HISTORY OF BOXING DAY
Boxing Day is a holiday unfamiliar to many Americans, but it is well known among the countries of the British Commonwealth. It is celebrated on December 26 as a public holiday in the UK, Canada, Hong Kong, New Zealand, South Africa, and parts of Australia.
While some believe it has to do with the need to dispose of empty boxes on the day following Christmas, it has nothing to do with that, nor has it anything to do with pugilistic fisticuffs. It is the second day of Christmastide, and some European countries celebrate it as “Second Christmas Day,” but there’s more.
St. Stephen’s Day
In Britain, Boxing Day is also known by the name St. Stephen’s Day. Stephen, a man “possessing great wisdom and full of the Spirit,” was the first Christian martyr as recorded in Chapter 7 of the Book of the Acts of The Apostles in the Bible. He was one of the first deacons or ministers of the early church, serving table to the Hellenistic (non-Jewish) members of the church who were being neglected.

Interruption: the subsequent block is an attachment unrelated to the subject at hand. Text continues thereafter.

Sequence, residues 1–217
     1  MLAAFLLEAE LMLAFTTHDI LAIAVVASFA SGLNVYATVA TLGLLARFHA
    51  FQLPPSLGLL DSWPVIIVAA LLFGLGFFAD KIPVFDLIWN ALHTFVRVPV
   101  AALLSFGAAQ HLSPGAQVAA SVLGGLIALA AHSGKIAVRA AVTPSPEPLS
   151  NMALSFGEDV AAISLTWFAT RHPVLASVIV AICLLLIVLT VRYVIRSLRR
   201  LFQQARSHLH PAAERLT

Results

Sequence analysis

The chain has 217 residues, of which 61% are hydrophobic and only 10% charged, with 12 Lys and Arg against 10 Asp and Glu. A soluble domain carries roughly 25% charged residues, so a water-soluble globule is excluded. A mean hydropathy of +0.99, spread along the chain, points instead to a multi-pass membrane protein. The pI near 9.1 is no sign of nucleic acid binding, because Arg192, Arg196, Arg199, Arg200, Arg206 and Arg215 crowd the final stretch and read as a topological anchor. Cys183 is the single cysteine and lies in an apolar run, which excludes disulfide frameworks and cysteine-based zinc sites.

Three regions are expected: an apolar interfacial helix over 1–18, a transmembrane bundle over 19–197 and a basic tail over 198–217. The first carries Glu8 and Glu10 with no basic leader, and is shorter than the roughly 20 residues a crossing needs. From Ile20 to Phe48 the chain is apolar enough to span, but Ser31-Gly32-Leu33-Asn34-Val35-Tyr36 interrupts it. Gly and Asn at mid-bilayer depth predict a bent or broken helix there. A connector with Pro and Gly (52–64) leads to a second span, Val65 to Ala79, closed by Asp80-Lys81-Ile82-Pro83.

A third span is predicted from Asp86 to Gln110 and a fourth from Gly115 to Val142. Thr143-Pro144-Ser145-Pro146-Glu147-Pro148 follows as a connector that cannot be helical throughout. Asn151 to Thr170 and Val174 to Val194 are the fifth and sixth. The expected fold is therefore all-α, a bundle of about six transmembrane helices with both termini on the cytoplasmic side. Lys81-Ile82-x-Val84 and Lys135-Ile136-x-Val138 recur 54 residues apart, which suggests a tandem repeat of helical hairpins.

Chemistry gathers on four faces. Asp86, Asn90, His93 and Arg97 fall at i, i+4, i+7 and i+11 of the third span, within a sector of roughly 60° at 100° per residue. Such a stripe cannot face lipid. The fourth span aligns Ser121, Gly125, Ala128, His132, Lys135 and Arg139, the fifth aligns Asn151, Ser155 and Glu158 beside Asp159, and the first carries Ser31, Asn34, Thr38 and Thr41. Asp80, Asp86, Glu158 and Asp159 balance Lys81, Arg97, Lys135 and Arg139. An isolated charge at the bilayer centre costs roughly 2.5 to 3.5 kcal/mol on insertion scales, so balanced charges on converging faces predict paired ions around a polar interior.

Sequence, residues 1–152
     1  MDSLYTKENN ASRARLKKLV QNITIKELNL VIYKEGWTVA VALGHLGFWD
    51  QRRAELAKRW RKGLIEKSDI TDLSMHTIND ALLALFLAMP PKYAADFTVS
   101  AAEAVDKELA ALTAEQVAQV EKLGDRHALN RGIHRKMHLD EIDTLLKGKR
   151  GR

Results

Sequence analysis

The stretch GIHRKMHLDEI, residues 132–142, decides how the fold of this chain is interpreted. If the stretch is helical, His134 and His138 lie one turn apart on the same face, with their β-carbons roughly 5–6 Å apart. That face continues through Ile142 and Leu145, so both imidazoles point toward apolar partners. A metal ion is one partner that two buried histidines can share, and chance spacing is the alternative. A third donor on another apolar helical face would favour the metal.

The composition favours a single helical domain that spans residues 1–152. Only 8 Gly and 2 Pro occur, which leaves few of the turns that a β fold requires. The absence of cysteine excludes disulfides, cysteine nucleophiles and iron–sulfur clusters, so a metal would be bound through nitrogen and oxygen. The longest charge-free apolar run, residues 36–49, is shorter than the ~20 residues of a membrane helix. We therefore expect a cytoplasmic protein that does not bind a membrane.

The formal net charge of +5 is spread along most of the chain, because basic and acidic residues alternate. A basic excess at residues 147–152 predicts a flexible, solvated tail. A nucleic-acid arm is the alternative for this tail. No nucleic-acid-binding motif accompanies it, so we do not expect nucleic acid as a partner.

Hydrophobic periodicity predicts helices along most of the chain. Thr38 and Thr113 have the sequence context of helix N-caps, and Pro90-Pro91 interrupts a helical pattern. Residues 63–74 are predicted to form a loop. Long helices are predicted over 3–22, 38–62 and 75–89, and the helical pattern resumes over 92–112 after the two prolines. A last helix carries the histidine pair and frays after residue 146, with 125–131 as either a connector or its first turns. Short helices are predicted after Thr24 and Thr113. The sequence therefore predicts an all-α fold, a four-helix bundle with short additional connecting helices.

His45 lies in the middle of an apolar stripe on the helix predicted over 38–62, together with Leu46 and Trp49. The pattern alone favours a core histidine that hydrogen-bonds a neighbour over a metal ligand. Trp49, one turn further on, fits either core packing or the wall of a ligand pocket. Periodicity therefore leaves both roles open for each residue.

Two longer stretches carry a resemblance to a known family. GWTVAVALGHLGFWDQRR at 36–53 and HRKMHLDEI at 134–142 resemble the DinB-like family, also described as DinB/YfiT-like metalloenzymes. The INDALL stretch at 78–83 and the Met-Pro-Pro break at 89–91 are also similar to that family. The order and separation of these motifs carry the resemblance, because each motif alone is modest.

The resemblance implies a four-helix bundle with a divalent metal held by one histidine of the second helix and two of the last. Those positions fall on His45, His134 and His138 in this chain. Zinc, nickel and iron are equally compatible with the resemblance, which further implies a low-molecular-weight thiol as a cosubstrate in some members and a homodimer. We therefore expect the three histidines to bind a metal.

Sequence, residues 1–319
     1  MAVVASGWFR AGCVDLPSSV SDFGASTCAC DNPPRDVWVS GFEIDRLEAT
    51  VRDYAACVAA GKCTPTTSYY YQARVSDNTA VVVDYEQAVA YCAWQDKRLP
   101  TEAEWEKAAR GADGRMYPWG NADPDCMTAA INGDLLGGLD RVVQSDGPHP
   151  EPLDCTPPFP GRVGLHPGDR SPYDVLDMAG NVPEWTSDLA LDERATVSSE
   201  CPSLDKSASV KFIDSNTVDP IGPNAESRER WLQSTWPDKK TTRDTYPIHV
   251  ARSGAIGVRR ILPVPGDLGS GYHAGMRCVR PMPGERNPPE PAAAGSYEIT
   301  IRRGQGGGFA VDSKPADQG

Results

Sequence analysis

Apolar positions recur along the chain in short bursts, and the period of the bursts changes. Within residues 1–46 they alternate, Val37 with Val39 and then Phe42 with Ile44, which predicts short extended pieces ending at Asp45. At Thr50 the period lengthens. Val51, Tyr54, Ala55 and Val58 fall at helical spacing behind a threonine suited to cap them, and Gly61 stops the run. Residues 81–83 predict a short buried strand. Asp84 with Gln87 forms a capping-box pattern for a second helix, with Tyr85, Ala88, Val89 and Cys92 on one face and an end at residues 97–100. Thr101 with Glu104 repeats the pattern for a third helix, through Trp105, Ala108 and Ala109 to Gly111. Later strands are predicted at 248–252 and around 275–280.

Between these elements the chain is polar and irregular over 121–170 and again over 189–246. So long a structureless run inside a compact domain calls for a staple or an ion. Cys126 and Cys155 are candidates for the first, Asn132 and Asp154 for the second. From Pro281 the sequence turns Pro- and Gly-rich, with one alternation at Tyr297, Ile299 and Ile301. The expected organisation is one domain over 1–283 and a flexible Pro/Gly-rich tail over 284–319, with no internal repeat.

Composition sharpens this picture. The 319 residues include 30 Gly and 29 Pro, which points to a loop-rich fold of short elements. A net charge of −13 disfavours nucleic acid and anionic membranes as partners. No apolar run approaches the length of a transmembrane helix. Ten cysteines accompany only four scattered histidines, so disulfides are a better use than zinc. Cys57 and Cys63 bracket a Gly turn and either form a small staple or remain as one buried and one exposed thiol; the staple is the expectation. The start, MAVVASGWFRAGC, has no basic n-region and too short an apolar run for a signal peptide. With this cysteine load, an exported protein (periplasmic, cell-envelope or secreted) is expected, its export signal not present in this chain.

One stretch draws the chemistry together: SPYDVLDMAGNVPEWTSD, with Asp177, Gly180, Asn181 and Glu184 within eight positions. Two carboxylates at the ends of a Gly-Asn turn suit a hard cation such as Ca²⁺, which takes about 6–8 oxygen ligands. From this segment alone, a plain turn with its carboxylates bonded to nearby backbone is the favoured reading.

Some eight hundred years ago in the UK Boxing Day was the day when gifts were given to the lower classes. As in the Christmas carol, Good King Wenceslas of Bohemia back in the 10th century gave gifts to a poor man on “the Feast of Stephen.” The folk history around this holiday from the Middle Ages tell how boxes of food or fruit were given by the more materially blessed to servants the day after Christmas, as these servants would attend to their master on Christmas Day. The Lord of the Manor might present various goods or cash in boxes to members of the extended household. The term “Christmas-box” is traced to the 17th century. Alternately, the term is understood as the alms boxes in some churches that were opened during this season following Christmas Day.
In some countries of the British Commonwealth in modern times Boxing Day is a bank holiday, a day of shopping sales, or of sporting championship events — like horse racing, fox hunting, soccer, and football — but not usually pugilistic fisticuffs.
Bill Petro, your friendly neighborhood historian